Is New Cremation a Form of SOYLENT GREEN???

Discussion in 'General Baptist Discussions' started by righteousdude2, Mar 17, 2012.

  1. righteousdude2

    righteousdude2
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    The attached article is one that is bound to cause concern among many in our society, especially when you consider the "Yuck" factor of the remains being recycled through the local sewers and into Recycled/Reclaimed Water distribution plants!

    SEE:http://www.pe.com/local-news/breaki...-flameless-cremation-idea-raises-concerns.ece

    So what are your thoughts of this new form of cremation being used in some states and considered in others?
     
  2. Winman

    Winman
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    [​IMG]

    [​IMG]

    [​IMG]
     
  3. righteousdude2

    righteousdude2
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    Thanks for the neat...

    ....reminders of a strange sci-fi thriller. :thumbs:
     
  4. Winman

    Winman
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    #4 Winman, Mar 17, 2012
    Last edited by a moderator: Mar 17, 2012
  5. Arbo

    Arbo
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    "of flushing the byproducts into the sewer system."

    Well, if it was good enough for Goldie the goldfish...
     
  6. Iconoclast

    Iconoclast
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  7. Winman

    Winman
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    OK, I'll be serious this time. Many years ago I worked the hazardous waste system at a plant where we primarily plated electronic components with silver and gold. I have used both Potassium and Sodium Hydroxide many times. They are a base, and commonly found in products like Drano. They will neutralize acids. What you basically end up with is water and "salts". These salts can be captured with a flocculant. In our process we did add "Floc" which attracts and captures these salts. The floc becomes heavy and sinks to the bottom forming a sludge. This sludge is vacuumed off and usually filtered. You end up with a thick sludge, which we sold and is used in fertilizers. The other byproduct is water.

    I am sure the same process could be used here, although the article did not talk about filtering off the byproducts of the process. I do not believe there would be anything harmful in the human body, but as you said, there is the "yuck" factor. If these byproducts are filtered out, what remains is very clean water if done properly. We used to test our water every 15 minutes and it was cleaner than your drinking water that comes out of your faucet.

    Sodium Hydroxide is bad stuff. I still have a scar on my finger where a drop burned a small hole in me. That stuff will eat right to the bone.
     
  8. Arbo

    Arbo
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    "Your very own LifeGem diamond(s) can be created from the carbon in cremation ashes, a lock of hair, or both. Of course, not only do we turn ashes into diamonds and hair into diamonds, we also have a full line of cremation jewelry, rings, and pendants to accent your beautiful LifeGem cremation diamond."

    Weekly Creep-Out Quota Definitely met.
     
  9. preachinjesus

    preachinjesus
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    What is this Solent green you speak of?
     
  10. Winman

    Winman
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    It was a very famous movie starring Charlton Heston as a police officer investigating a murder. The movie takes place in the future when all of earth's resources were depleted and there was very little food. During his investigation Heston discovers that dead people are being made into green wafers about the size of a Pop Tart for food. People are eating these wafers but are not aware they are made from dead bodies. The folks that are doing this try to kill Heston in the movie.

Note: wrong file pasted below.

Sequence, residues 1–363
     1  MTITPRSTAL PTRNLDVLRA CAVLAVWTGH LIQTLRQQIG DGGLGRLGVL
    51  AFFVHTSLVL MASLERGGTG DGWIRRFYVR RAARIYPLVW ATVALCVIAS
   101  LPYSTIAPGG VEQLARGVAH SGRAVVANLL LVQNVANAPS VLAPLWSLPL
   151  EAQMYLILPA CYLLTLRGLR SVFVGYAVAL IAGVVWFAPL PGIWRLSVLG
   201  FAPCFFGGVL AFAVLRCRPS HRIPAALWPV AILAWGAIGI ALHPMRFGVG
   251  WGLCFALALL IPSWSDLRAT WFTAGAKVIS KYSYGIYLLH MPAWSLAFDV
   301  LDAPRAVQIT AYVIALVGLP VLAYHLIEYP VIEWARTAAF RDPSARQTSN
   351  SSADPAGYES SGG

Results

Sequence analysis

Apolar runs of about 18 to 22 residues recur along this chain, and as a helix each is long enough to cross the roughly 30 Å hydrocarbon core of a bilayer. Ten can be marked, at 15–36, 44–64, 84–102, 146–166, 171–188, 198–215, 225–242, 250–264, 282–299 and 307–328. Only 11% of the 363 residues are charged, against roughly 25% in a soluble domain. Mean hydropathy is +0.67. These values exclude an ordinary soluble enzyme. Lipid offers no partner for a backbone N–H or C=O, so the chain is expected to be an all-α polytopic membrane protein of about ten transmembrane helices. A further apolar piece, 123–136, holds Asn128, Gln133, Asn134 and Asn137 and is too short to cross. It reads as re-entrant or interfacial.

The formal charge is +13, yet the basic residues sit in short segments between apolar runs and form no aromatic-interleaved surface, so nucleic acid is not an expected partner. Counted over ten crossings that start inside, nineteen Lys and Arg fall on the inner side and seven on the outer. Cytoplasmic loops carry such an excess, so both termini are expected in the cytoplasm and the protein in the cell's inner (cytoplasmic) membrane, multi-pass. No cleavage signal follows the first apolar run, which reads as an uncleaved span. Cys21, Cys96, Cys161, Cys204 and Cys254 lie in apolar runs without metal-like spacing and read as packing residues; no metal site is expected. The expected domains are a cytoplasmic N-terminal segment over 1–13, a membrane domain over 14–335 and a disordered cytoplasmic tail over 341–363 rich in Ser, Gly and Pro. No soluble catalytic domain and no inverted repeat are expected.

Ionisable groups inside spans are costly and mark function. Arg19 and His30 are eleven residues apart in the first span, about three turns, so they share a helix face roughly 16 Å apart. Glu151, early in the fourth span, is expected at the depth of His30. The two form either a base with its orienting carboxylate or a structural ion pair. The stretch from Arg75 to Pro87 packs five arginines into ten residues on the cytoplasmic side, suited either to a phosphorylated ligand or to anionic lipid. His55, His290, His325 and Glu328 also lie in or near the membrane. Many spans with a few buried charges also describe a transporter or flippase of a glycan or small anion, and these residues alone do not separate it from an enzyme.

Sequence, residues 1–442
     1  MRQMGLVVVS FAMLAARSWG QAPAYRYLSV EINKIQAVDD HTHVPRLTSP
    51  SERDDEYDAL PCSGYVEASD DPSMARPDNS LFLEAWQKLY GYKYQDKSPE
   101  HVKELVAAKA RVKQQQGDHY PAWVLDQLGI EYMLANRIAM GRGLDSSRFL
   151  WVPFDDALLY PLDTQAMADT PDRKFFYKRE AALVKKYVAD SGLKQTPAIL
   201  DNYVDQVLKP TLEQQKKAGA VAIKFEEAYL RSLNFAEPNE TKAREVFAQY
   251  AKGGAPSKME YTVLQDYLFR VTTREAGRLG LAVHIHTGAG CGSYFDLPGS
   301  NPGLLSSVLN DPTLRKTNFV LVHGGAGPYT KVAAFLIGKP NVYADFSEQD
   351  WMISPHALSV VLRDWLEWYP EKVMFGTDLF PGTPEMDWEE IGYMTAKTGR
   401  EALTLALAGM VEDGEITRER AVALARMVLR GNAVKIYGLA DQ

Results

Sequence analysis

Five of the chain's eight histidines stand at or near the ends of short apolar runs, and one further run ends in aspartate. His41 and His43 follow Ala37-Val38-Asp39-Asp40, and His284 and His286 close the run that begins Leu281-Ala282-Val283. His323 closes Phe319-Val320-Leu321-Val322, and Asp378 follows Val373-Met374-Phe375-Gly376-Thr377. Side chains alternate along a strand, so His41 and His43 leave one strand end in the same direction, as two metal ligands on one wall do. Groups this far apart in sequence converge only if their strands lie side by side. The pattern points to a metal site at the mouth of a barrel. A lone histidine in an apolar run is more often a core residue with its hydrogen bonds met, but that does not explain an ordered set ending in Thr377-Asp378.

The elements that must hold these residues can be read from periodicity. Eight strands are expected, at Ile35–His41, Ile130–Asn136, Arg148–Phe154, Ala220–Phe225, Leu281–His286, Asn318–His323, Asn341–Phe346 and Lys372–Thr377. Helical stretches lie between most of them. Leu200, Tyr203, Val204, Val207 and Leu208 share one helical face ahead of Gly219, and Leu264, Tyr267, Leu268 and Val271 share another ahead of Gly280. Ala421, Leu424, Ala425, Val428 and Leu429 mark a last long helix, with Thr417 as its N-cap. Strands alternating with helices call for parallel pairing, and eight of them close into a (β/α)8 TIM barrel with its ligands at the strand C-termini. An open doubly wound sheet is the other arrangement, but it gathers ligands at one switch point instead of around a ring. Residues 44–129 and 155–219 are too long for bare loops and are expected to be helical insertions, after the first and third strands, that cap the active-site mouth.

In the last scenes from the movie Heston screams "Soylent Green is people!". This scene became very popular.

    View the clips I showed above. These dead people were dissolved in some sort of chemical solution and then the wafers were created from the byproducts, very similar to how most water treatment plants treat water.

    This modern cremation technique is similar, a person's body is dissolved in a very strong Potassium or Sodium Hydroxide solution. This is a strong base with pH over 14. This solution would then be neutralized with acids to bring the pH to somewhere close to 7 (neutral). At this point the solution would separate into water and suspended particles. These particles can be collected with a flocculant that attracts and gathers the particles. They can float, but normally they become heavy and sink to the bottom where they can be vacuumed off and filtered. I worked as a hazardous waste technician in a large plating factory many years ago and used to operate this very type of process to neutralize hazardous chemicals, mostly strong acids used to clean parts in the plating process. We also used very poisonous chemicals like cyanide (used in gold plating).

    If properly done, hazardous and poisonous chemicals can be neutralized, the byproducts safely collected, with pure water the other byproduct, which can be returned to the water system.

    Here is a photo of a solution treated with a flocculant. All the particles in the solution are attracted and bunch together, sinking to the bottom. Above these particles is pure water.

    [​IMG]

    The problem with this cremation process is that they are not separating the particulates and dumping the entire solution back in the water system. That would be like putting the solution shown on the left back into our water.
     
    #10 Winman, Mar 18, 2012
    Last edited by a moderator: Mar 18, 2012

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